Mr Loughton joined Head Teachers and staff
from local partner schools and from around
the country to learn more about the Dragon’s
wide ranging social impact programme. Led
by Danny Gill, Director of Social Impact, the
morning’s presentations by staff and children
detailed philanthropy, sustainability, fundrais-
ing and community partnership projects.
Danny characterised philanthropy as ‘an
emotional response guided by intelligent
thinking’ and went on to explain how the
school embraces this philosophy. Initiatives
illustrated to the audience included children
teaching children Latin at partner schools,
the catering department providing learning
skills to young adults, advising local beekeep-
ers about honey production, and generating
charitable funds with new business ideas.
Tim Loughton MP, Parliamentary Under-
Secretary of State for Children and Families at
the Department for Education, visited the Dragon
to take part in a Working Party on Community
Action, hosted by the school.
Minister Visits
What is creativity? It is obvious that art
or writing are creative activities. But there
is a far more profound role for creativity
in all education, particularly for young
children whose futures will demand of
them enormous flexibility. We can already
see that employers prize most highly those
individuals whose intelligence and skill can
be applied creatively, whatever the business
or profession. We have been told that to live
positively, sustain friendships, do rewarding
work and make a real contribution to society
will be the mark of truly creative people.
At the heart of these ideas are applied
originality and imagination – the very
principles that formed a Dragon education
in the latter years of the 19
century. I see
our programme of learning today not as
a syllabus but a creative curriculum: one
which engages all pupils, encourages critical
thinking, responds to original thought and
embeds imaginative learning into activities
inside and outside the classroom, across all
subjects. Importantly, it provides both time
to think and opportunity to do – the two
vital elements of innovation and discovery.
The creativity of our teachers is the key to
true learning success; stimulating lessons
engage the senses and facilitate ‘deep’
learning, inspirational teachers produce
inspired learners.
In the future, well-being will come from
well-learning. Learning that is dynamic,
interesting and challenging. Such purposeful,
creative learning will equip children to
succeed in ways we cannot imagine today.
Bruno Shovelton
Currently in his second year of teaching Classics at the Dragon, Bruno
previously headed the UK-based proposals team for financial services firm PwC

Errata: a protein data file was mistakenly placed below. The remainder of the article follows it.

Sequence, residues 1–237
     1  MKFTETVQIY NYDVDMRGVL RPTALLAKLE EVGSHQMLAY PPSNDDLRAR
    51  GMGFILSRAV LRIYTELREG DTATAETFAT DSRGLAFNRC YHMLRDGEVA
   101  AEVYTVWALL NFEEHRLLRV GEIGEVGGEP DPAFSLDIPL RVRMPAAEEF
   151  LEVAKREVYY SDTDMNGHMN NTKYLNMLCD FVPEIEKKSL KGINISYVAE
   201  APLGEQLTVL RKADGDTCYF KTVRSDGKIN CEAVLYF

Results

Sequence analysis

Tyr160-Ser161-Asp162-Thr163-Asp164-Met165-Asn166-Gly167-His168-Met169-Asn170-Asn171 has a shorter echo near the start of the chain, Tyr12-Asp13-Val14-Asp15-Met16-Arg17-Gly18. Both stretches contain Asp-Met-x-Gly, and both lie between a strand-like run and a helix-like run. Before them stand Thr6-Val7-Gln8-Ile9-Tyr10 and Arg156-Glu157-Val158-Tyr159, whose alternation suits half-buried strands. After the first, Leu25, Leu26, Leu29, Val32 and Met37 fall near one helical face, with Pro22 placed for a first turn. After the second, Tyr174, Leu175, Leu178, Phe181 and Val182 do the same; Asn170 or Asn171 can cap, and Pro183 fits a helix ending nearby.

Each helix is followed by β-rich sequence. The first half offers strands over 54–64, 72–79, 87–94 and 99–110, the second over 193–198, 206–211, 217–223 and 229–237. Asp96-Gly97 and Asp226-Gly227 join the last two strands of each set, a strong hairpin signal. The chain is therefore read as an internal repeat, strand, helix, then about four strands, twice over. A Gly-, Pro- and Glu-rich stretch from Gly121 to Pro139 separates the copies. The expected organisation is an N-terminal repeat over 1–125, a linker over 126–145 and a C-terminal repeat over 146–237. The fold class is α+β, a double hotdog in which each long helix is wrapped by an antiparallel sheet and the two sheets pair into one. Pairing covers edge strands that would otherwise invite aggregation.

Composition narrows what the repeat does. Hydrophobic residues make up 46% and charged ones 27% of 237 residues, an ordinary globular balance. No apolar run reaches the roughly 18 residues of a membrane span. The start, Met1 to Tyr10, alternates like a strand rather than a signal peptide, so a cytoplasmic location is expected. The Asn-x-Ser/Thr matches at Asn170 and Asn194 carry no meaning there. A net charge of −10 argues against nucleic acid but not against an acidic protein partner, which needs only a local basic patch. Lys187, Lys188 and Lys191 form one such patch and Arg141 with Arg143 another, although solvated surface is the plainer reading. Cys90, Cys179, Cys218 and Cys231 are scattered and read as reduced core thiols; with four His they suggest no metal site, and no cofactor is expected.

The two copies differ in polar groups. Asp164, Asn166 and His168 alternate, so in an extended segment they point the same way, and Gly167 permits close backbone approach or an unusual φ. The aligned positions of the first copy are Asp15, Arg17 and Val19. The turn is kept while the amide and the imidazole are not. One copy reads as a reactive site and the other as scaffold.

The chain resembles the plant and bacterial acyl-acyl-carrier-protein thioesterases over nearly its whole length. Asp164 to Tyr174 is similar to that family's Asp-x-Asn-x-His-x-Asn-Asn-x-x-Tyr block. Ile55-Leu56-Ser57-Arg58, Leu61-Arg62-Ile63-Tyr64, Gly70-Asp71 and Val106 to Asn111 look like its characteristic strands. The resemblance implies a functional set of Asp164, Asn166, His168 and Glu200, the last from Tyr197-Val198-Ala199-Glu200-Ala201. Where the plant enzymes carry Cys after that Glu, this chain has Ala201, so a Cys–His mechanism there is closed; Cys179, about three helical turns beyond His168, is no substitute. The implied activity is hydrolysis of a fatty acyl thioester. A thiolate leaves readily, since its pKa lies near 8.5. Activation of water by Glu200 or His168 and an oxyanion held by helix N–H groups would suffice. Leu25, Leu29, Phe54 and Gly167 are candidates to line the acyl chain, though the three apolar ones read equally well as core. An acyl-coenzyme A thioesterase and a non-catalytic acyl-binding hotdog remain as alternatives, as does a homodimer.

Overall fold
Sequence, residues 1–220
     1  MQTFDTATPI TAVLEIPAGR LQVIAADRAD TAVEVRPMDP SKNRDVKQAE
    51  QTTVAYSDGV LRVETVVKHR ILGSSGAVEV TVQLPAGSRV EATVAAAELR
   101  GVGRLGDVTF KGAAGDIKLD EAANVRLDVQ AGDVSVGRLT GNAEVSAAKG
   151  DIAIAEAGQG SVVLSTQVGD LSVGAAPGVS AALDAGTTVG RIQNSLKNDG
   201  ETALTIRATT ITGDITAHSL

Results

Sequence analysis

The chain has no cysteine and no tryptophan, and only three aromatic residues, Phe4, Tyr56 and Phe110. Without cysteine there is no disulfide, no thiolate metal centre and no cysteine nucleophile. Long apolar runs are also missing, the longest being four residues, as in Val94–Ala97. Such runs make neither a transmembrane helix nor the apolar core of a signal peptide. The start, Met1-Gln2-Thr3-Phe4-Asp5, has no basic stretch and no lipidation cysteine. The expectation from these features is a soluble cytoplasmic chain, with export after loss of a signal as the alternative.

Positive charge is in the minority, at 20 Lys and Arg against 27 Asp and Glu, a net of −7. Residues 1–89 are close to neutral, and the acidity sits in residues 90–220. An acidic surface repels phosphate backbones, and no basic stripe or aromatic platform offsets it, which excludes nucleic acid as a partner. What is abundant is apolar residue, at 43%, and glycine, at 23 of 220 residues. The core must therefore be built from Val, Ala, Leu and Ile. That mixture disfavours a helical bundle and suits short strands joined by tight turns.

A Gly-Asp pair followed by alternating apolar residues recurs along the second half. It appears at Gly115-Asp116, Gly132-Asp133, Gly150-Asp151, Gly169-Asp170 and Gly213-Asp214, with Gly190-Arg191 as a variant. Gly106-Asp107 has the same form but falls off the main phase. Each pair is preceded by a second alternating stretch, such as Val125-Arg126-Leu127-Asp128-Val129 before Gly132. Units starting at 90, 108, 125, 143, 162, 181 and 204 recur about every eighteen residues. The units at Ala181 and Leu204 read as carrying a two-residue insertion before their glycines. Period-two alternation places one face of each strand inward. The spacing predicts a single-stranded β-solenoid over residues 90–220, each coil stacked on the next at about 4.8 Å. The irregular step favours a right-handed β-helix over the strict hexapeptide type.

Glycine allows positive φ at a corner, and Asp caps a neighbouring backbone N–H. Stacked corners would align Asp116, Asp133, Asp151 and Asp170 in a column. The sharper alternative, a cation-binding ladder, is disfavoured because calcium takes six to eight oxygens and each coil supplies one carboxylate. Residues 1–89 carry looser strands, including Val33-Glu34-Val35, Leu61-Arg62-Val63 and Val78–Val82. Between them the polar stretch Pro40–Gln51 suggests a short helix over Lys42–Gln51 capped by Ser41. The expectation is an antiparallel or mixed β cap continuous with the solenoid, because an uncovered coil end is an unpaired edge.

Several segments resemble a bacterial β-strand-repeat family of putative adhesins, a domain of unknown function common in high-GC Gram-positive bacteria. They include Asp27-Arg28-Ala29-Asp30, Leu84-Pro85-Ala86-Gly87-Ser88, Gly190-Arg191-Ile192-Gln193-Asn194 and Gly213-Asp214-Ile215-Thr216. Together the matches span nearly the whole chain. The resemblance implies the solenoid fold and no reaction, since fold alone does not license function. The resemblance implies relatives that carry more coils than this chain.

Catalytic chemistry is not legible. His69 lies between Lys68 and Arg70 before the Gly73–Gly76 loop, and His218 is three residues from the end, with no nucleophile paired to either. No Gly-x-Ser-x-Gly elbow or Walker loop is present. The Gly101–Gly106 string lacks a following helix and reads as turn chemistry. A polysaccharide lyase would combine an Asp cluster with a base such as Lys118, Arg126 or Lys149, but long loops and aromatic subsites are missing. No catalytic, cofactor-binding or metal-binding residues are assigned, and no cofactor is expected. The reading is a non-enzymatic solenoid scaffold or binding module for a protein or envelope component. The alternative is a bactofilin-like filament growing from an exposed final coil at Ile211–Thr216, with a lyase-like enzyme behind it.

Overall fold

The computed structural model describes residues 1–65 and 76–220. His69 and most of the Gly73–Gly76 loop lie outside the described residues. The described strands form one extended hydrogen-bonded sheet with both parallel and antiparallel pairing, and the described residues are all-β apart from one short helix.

which designed, edited and produced pitches to win business around the world.
How do you approach teaching and make
Classics relevant?
It’s early days yet, but I’m inspired every day
by the staff and pupils around me to give
it a go, whatever it is. I’ve used pop songs,
treasure-hunts and ‘amnesia’. I particularly
enjoyed a Year 5 Latin class last year when an
idea I had for remembering ‘rego’ was quickly
turned by one of the pupils into a highly-
competitive game.
What do you find stimulates children to
learn and grow in confidence?
Noticing things pupils have done
and telling them, in or out of class. We all
need people to spot when we’ve made an
effort, or when we’re struggling. The free-
flowing style of the Dragon means
that staff can do this at the time and
hopefully give pupils the kind of
specific encouragement that makes
the difference.
D R A G O N S T O D A Y . A U T U M N 2 0 1 1
What drew you to Classics?
The challenge of having so many disciplines
under one roof.
Does your previous experience help you as
a teacher?
It inspires me to give pupils things now that
they can actually use when they’re older.
Being a mentor and governor at an Academy
in Bermondsey also gave me an insight into
education in a very different environment.
What was it about the Dragon that
attracted you?
Fizziness. I spent a day here looking around
and was struck by how bright-eyed and bushy-
tailed staff and pupils were, wherever their
aptitude lay. I spoke for fifteen minutes
with one Year 7 pupil who could tell
me, in detail, how she was able to
pursue the many sports in which she
excelled and how doing this helped her
give more to her academic work.
Headmaster John Baugh considers
the role of creativity in education and
in the future lives of our children.
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